Anyway, I said to this editor, ‘You’re wrong, you are so wrong, this is not our day, this is their day.’ But she was undaunted. She said to me, ‘Well then, I have another idea: Why don’t you write about Age Shame?’ I said to her, ‘Get someone who is only 50 to write about Age Shame. I am way past Age Shame, if I ever had it. I’m just happy to be here at all.’

We are a generation that has learned to believe we can do something about almost everything. We are active hell, we are proactive. We are positive thinkers. We have the power. We will take any suggestion seriously. If a pill will help, we will take it. If being in the Zone will help, we will enter the Zone. When we hear about the latest ludicrously expensive face cream that is alleged to turn back the clock, we will go out and buy it even though we know that the last five face creams we fell for were completely ineffectual. We will do crossword puzzles to ward off Alzheimer’s and eat six almonds a day to ward off cancer; we will scan ourselves to find whatever can be nipped in the bud.

We are in control. Behind the wheel. On the cutting edge. We make lists. We seek out the options. We surf the net. But there are some things that are absolutely, definitively, entirely uncontrollable.

I am dancing around the D word, but I don’t mean to be coy. When you cross into your 60s, your odds of dying or of merely getting horribly sick on the way to dying spike. Death is a sniper. It strikes people you love, people you like, people you know, it’s everywhere. You could be next. But then you turn out not to be. But then again you could be. And meanwhile, your friends die, and you’re left not just bereft, not just grieving, not just guilty, but utterly helpless. There is nothing you can do. Nothing. Everybody dies.

Here are some questions I am constantly fretting over: Do you splurge or do you hoard? Do you live every day as if it’s your last, or do you save your money on the chance you’ll live 20 more years? Is life too short, or is it going to be too long? Do you work as hard as you can, or do you slow down to smell the roses? And where do carbohydrates fit into all this? Are we really going to have to spend our last years avoiding bread, especially now that bread is so unbelievably delicious? And what about chocolate?

A few months before they found the lump on her tongue, Judy and I went out to lunch to celebrate a friend’s birthday. It had been a difficult year: barely a week had passed without some terrible news about someone’s health.

‘Death doesn’t really feel eventual or inevitable. It still feels…avoidable somehow,’ said Judy. I said at lunch, what are we going to do about this? Shouldn’t we talk about this? This is what our lives have become. Death is everywhere. How do we deal with it? Our birthday friend said, oh, please, let’s not be morbid. Yes. Let’s not be morbid. Let’s not.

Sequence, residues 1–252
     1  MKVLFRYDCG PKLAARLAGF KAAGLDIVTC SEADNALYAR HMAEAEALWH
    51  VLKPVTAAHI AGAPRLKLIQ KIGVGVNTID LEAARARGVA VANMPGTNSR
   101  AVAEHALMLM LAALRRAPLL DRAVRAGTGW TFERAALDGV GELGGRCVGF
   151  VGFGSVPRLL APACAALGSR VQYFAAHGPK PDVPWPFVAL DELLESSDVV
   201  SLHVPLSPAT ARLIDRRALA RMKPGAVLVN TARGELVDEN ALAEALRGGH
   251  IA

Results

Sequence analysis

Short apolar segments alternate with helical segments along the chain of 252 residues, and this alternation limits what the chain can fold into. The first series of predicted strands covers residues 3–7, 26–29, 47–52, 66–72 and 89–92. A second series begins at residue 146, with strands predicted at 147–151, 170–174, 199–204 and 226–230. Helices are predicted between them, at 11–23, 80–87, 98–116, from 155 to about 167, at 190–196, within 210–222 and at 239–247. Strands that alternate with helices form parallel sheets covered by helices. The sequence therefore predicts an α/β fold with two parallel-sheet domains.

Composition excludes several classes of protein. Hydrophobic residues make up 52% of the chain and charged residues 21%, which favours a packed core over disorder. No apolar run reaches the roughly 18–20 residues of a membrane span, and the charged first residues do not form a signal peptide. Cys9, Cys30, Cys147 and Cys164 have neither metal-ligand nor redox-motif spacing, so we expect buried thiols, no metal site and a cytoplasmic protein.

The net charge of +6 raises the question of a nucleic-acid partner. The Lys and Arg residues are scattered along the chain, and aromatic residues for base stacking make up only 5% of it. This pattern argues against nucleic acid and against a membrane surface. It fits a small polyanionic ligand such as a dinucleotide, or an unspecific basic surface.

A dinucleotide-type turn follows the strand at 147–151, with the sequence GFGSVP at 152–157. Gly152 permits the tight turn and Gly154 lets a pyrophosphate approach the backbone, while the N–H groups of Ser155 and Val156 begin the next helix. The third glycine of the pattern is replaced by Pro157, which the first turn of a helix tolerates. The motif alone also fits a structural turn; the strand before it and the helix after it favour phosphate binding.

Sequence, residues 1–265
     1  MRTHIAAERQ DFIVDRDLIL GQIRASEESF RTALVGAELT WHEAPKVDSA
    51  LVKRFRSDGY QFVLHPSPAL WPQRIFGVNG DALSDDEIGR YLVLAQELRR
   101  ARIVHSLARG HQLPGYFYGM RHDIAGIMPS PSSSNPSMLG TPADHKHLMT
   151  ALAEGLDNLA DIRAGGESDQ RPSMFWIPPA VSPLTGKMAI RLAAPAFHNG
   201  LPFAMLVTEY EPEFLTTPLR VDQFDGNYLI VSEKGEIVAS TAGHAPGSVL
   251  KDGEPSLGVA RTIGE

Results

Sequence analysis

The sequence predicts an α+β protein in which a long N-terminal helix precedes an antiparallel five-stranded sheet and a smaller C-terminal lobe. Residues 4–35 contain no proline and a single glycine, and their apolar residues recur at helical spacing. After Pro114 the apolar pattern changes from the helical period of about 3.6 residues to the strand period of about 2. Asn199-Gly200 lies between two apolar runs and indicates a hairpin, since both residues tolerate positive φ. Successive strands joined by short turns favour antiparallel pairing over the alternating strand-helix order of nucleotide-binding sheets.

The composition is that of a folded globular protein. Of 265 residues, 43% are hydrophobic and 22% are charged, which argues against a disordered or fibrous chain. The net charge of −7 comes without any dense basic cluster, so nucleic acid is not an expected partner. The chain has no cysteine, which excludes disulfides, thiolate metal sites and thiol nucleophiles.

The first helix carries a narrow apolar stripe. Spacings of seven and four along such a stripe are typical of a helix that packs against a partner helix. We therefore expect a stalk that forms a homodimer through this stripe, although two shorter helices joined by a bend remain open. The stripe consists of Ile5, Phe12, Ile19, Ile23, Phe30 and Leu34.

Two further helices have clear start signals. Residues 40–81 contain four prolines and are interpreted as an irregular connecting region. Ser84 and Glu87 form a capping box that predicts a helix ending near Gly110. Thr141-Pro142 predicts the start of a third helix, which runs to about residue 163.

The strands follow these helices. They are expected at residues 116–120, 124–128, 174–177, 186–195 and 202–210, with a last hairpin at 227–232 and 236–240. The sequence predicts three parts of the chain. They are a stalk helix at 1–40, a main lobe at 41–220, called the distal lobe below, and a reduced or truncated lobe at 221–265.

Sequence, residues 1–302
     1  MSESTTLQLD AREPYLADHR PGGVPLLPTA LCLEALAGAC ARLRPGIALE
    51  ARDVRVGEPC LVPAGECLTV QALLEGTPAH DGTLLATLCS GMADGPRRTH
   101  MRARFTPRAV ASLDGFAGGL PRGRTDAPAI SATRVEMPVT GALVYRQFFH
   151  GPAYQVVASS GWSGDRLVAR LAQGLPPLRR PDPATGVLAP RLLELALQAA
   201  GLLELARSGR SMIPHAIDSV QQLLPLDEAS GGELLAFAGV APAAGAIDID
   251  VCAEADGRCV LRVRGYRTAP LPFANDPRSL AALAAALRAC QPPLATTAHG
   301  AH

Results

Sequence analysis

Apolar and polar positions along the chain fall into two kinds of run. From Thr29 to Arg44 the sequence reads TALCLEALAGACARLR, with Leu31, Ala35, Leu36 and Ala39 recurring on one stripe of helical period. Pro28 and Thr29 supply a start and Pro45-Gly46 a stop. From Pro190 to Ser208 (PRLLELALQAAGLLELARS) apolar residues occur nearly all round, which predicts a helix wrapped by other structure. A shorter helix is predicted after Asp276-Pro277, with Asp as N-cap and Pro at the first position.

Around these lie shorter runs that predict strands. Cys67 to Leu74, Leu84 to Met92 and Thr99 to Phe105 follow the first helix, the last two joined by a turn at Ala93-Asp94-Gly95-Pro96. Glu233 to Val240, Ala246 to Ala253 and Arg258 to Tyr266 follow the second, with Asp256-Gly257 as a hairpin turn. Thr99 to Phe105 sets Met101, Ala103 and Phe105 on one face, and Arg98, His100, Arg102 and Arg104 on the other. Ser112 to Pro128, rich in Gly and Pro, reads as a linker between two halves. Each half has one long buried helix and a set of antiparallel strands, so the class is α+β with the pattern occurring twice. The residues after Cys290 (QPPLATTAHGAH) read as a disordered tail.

On the other hand, I meant to have a conversation with Judy about death. Before either of us was sick or dying. I meant to have one of those straightforward conversations where you discuss What You Want in the eventuality well, I say ‘the eventuality’, but that’s one of the oddest things about this whole subject. Death doesn’t really feel eventual or inevitable. It still feels . . . avoidable somehow. But it’s not. We know in one part of our brains that we are all going to die, but on some level we don’t quite believe it. But I meant to have that conversation with Judy, so that when the inevitable happened we would know what our intentions were, so that we could help each other die in whatever way we wanted to die. And what difference would it have made if we’d had that conversation? Before you get sick, you have absolutely no idea of how you’re going to feel once you do. You can imagine you’ll be brave, but it’s just as possible you’ll be terrified. You can hope that you’ll find a way to accept death, but you could just as easily end up raging against it.

And meanwhile, here we are. What is to be done? I don’t know. I hope that’s clear. In a few minutes I will have finished writing this piece, and I will go back to life itself. Squirrels have made a hole in the roof, and we don’t quite know what to do about it. Soon it will rain; we should probably take the cushions inside. I need more bath oil.

And that reminds me to say something about bath oil. I use this bath oil I happen to love. It’s called Dr Hauschka’s lemon bath. It costs about £15 a bottle, which is enough for about two weeks of baths if you follow the instructions. The instructions say one capful per bath. But a capful gets you nowhere. A capful is not enough. I have known this for a long time.

But if the events of the last few years have taught me anything, it’s that I’m going to feel like an idiot if I die tomorrow and I skimped on bath oil today. So I use quite a lot of bath oil. More than you could ever imagine. After I take a bath, my bathtub is as dangerous as an oil slick. But thanks to the bath oil, I’m as smooth as silk. I am going out to buy more, right now. Goodbye.”  ###

Your thoughts ??